Game Review – Deathground

Author: FreeVerse Software
Shareware: $29.95 + $3.00 S&H

Mike: The “big guns” of the shareware gaming scene have been flexing their muscles lately. Last month, we showed you Cythera from Ambrosia Software, and this month, we showcase Freeverse Software’s Deathground, a gangster strategy game based on the classic board game RISK.

Adam: Like Ambrosia, Freeverse Software has a wonderful reputation for high quality shareware games, and Deathground doesn’t disappoint. It shows the same all-around quality that we’ve come to expect from Freeverse. So what exactly is Deathground, Mike?

Mike: In Deathground, you play the role of a gangster who’s out to control as much territory as possible. You spend your turns attacking rival gangs to gain control of their territory, and then shuffling your troops around to fortify your areas. You gain money and resources for each territory you own, making it easier to “off” your opponents.

Adam: The more territories you own, the more troops you have to deploy, and the more fun the game becomes. Once you own all the territories on the map, you win the game.

Mike: The default map is New York City, which is divided up into boroughs. Each borough is divided up further into neighborhoods. You receive resources and cash for each ‘hood you control, but get big bonuses for controlling an entire borough. However, with the other players trying to do the same thing, it’s tough to keep total control of any one borough for too long!

Adam: Definitely true, Mike. And you really have to watch out for your enemies gaining ground, because they move fast once they’re in control, and you’ll be forced to surrender or face certain death.

Mike: FreeVerse went into a lot of detail to make the game more than just a computer re-creation of a game board. When you attack a territory, animated gangsters do battle with each other with tommy guns, and the game is full of FreeVerse’s trademark one-liners and comments by the players. The board also zooms in and out in real time, allowing you to see one borough up-close, or look at all of New York from a bird’s-eye view to see the whole scene.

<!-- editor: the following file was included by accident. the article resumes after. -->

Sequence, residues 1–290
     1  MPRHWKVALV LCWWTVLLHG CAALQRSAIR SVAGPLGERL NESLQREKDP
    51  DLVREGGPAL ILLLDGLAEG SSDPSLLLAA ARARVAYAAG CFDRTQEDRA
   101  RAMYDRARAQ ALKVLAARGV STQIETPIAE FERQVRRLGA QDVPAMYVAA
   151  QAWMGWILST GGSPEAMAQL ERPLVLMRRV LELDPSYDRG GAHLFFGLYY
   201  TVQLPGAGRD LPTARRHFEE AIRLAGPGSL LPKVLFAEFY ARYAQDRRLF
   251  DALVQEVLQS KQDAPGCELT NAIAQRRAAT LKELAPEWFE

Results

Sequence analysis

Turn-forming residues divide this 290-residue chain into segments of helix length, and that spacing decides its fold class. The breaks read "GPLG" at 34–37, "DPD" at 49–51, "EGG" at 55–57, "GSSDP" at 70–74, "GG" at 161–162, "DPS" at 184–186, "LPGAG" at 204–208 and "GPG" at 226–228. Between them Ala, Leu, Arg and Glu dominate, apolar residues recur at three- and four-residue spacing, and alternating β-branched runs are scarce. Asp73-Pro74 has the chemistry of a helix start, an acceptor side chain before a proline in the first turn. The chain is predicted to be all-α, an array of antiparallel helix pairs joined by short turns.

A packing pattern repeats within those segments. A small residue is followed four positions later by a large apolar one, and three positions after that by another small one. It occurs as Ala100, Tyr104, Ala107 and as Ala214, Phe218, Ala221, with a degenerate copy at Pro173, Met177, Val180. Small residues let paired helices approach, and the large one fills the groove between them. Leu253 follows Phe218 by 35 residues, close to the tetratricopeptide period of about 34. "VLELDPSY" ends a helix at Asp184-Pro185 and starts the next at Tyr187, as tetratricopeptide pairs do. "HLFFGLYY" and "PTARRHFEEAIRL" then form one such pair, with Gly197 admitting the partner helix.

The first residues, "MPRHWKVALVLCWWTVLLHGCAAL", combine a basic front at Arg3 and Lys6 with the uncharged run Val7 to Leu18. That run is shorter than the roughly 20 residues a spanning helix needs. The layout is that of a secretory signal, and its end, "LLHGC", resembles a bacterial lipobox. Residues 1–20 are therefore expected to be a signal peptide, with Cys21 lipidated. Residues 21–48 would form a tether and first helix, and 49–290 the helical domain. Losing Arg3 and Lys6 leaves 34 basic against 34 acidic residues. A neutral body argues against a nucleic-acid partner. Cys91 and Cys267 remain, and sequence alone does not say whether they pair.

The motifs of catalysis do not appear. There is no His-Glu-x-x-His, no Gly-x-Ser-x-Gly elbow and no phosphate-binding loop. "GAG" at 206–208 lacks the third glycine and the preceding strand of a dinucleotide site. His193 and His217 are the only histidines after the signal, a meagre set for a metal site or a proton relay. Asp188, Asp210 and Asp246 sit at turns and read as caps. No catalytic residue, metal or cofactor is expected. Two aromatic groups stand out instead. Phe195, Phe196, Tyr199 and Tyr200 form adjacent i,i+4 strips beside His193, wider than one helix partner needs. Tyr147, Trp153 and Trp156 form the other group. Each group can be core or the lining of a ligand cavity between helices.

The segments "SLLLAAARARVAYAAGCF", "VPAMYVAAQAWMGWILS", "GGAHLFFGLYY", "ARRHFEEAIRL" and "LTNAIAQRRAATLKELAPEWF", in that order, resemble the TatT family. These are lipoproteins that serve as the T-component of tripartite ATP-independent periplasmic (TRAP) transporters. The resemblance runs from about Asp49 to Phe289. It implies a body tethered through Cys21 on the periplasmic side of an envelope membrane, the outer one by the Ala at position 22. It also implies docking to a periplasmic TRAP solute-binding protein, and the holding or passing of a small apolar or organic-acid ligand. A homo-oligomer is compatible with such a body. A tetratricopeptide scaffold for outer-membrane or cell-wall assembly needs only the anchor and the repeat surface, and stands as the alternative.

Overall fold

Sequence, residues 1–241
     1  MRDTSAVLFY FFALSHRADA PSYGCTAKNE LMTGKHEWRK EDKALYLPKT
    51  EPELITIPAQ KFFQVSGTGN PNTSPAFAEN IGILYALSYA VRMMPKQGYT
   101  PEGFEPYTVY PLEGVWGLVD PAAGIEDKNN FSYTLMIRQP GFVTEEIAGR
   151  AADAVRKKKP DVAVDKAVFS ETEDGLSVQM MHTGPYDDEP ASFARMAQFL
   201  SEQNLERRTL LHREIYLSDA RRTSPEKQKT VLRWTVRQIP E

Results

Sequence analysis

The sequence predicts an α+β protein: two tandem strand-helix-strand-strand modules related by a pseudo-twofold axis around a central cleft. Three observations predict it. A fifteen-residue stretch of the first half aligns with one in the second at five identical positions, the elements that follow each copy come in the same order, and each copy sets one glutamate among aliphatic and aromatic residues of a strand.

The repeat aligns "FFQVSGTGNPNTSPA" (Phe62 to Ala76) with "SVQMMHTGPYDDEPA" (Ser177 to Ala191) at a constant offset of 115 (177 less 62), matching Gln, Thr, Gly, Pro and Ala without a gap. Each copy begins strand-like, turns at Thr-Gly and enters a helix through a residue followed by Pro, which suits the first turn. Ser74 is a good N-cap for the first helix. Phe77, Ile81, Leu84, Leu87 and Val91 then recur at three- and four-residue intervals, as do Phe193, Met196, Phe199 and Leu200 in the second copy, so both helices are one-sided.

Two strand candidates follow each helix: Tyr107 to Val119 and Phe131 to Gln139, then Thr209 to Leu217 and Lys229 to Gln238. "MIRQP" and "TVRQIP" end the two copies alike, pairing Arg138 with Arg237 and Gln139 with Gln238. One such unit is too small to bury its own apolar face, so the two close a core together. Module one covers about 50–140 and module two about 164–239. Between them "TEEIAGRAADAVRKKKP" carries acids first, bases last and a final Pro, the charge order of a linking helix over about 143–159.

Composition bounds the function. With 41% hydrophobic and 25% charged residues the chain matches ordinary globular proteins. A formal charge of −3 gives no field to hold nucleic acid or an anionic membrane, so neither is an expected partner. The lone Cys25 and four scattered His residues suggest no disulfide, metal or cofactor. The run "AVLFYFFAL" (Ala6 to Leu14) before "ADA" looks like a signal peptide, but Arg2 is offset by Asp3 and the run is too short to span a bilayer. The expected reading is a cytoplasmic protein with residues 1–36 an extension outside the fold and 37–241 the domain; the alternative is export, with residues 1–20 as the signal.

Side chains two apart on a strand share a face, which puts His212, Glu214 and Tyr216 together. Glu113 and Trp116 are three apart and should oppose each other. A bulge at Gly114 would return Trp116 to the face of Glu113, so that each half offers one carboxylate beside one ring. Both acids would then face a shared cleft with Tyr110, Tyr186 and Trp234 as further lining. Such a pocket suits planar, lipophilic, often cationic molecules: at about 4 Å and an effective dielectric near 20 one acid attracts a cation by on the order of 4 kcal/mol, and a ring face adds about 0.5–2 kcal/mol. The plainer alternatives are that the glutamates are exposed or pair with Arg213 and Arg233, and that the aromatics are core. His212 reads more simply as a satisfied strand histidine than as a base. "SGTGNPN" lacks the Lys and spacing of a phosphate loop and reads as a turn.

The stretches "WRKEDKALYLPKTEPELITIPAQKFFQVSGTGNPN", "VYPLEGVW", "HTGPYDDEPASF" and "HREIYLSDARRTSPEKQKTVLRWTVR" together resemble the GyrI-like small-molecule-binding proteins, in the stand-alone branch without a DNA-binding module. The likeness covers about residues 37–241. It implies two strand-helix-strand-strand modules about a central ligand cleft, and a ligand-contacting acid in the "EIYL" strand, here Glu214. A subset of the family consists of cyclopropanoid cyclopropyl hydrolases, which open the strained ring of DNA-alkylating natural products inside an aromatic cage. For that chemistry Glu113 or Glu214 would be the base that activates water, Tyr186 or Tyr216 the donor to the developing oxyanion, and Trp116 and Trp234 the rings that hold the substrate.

Adam: FreeVerse has also included plenty of fine-tune controls so you can tailor your Macintosh to the game. If you have an older Mac, you might want to scale back on a few of the preferences. But if you have a G4, well, you know what to do!

Mike: The game can be played by up to seven players, and as many of those can be computer-controlled as necessary. There are also three maps to play, which enhances the replay value of the game, too. The downloadable demo limits you to three players and the map of New York, though. The full version comes on a CD-ROM–a first for FreeVerse–and can be bought directly from the company.

The demo requires System 7.6 or higher, 20 megabytes of hard drive space, and approximately 32 megs of free RAM. The Deathground Demo is available for download at the FreeVerse website,, or from any of the great Mac shareware libraries online such as The full version, featuring additional playing maps, more players, and more, comes only on a CD-ROM, and can be purchased directly from FreeVerse for a total of $32.95.

The Summary
Adam: Deathground is a quality shareware game that is both addicting and fun. Its different levels of gameplay allow you to play for hours on end, even if you’ve never played before. The price-to-performance ratio is top notch for this first-rate shareware game.

Mike: I agree, Adam. FreeVerse’s high reputation for making excellent card games and board games for the Mac is well-deserved, and they prove it once again with Deathground. If you like strategy games and want something that’s not quite as complex as StarCraft, or if you just want to see another great example of fine shareware gaming, take a look at Deathground. Highly Recommended by The Game Guys.

Mike Wallinga

Adam Karneboge

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